$400 dollars sound reasonable for a complete brake job with new brake pads & new rotors. For this amount of money you should be getting premium pads & rotors.
Also make sure the technicians free up & lube the caliper sliders and clean and lube brake hardware.
〉 Answered on Jun 27th, 2011 by Amy Mattinat, Owner and Author at Auto Craftsmen Ltd
Continue to look for deals - on TV I saw advertised 89.99 per axel.
〉 Answered on Jun 27th, 2011 by Barb Petrey, President - DBK Enterprises Inc at Jiffy Lube
This does seem very reasonable. An average cost would probably be around $350-$450. This assumes you have a regular car with standard breaks. (nothing custom or upgraded) Generally, this job will take about 1.5 - 2 labor hours. Add in the cost of the parts and that should give you a good idea on what it should cost.
Hope this helps!
- The Curry's Auto Service team
〉 Answered on Jun 27th, 2011 by Judy Curry, Co-Founder and Vice President of Marketing at Currys Auto Service
For a complete quality brake job, with premium pads and rotors, $400 is certainly not out of line. Some repair shops use lower quality pads and rotors, so itâ€™s a good idea to find out more details about the parts and also about their warranty. Specifically- is it nationwide, does it cover squeaks or pulsation or premature wear? Will labor be covered in a warranty situation? I would need more specifics about the vehicle to give an accurate quote. Such as â€" year, make and model or VIN #. Does it have 4WD, four wheel ABS or four wheel disc? Let me know if I can help more.
〉 Answered on Jun 27th, 2011 by Julie Scroggins, Vice President, CFO at Waukegan Tire and Supply Company Inc.
Yes Heather. You may also check with local groupons or living social for discounted labor (daily coupons/specials).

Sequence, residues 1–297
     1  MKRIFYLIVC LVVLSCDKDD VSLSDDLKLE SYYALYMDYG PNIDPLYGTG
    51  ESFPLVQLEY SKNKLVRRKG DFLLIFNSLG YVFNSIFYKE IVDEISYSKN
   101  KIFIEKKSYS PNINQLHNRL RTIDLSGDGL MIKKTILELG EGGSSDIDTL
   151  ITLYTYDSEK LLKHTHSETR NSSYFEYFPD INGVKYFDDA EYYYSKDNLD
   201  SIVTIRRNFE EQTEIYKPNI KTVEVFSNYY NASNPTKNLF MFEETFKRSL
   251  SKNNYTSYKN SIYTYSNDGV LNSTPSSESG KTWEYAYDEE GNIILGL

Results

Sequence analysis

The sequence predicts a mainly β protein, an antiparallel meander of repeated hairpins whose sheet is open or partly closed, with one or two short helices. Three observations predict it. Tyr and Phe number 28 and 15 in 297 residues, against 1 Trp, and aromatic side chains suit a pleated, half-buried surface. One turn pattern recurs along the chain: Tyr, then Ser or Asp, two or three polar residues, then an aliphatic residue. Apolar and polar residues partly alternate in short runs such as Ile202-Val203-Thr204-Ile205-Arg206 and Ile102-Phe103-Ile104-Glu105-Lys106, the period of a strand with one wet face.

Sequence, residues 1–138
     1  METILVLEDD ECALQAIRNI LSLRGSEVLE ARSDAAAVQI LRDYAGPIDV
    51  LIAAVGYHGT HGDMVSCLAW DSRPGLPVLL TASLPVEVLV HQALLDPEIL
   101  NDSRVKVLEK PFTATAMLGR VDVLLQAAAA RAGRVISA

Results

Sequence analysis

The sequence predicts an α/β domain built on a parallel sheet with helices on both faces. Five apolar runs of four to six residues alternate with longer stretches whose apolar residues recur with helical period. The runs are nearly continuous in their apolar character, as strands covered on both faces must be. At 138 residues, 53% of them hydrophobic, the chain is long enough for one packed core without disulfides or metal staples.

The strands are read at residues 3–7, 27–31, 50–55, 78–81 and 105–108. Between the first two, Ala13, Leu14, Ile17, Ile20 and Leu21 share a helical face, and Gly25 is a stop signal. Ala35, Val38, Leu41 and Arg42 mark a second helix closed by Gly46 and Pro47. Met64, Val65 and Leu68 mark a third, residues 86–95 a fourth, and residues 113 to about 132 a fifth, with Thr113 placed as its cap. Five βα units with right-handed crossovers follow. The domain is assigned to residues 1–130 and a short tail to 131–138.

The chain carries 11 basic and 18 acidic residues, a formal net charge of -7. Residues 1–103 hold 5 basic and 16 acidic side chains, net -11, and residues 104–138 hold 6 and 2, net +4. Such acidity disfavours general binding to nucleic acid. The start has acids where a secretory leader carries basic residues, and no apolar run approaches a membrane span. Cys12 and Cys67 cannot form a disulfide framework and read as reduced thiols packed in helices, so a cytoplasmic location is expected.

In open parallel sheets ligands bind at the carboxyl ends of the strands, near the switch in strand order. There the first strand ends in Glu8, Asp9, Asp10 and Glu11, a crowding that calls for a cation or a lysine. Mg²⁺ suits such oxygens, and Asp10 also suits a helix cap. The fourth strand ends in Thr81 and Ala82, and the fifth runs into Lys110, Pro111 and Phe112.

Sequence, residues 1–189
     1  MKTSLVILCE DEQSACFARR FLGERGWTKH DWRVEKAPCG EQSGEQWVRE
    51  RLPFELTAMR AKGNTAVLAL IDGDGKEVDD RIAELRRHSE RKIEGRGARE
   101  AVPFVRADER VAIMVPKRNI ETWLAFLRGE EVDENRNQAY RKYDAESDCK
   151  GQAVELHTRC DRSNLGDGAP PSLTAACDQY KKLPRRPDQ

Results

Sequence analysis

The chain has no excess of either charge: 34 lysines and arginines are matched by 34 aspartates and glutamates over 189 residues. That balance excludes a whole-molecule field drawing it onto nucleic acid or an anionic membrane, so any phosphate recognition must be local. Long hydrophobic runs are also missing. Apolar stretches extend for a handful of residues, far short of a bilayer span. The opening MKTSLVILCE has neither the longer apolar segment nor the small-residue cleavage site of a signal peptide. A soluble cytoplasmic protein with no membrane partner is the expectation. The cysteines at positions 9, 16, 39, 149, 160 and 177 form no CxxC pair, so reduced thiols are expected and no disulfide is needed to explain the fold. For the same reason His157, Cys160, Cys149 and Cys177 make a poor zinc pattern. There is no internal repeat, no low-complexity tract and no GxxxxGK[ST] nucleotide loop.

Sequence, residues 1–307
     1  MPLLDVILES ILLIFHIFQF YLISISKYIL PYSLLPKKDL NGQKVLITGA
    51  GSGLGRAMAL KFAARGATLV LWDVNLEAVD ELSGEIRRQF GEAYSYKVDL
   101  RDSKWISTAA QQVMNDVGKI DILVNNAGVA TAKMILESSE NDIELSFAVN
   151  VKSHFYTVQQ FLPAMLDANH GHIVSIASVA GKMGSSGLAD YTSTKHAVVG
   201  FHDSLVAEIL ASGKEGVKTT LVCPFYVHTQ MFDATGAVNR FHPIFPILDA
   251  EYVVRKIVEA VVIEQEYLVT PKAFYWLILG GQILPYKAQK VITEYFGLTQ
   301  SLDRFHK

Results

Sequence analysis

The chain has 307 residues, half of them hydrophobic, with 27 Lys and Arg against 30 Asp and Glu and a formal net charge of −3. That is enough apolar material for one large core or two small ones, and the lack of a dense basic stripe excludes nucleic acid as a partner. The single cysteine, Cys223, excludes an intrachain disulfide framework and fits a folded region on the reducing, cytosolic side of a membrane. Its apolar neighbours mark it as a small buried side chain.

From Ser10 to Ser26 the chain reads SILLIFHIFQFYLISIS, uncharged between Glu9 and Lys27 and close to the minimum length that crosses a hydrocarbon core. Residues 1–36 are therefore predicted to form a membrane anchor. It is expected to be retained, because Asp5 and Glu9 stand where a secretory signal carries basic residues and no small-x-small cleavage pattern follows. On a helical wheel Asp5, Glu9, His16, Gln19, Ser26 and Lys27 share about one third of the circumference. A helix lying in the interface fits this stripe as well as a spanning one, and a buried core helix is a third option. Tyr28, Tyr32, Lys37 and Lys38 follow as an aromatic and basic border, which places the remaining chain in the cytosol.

〉 Answered on Jun 27th, 2011 by Kerri Papajohn, Marketing Director at USA Sealants, Inc.
I would say that's right in the ball park. Take a look at www.repairpal.com and using your zip code they can give you an estimate for your area.
〉 Answered on Jun 27th, 2011 by Lori Johnson, Owner and Instructor at Ladies Start Your Engines
Without knowing the vehicle or year it's hard to generalize....depending on the quality of the parts they are looking to install, most will range between $300-$500.00 barring their is no complications....
〉 Answered on Jun 27th, 2011 by Pat Fleischmann, Director of First Impressions at Community Tire Pros & Auto Repair
$400 does not sound unreasonable for most cars these days. It never hurts to shop around though. Also, you can ask for generic parts as opposed to vehicle specific. However, keep in mind that although I do believe generic pads and rotors should be as safe and reliable as factory, sometimes you can expect more noise and/or vibration with generic. Also, many times a dealership will not install generic and you will get a better waranty/garauntee with vehicle specific parts.
〉 Answered on Jun 27th, 2011 by Suzanne Grego, Technician at City of Philadelphia Fleet Management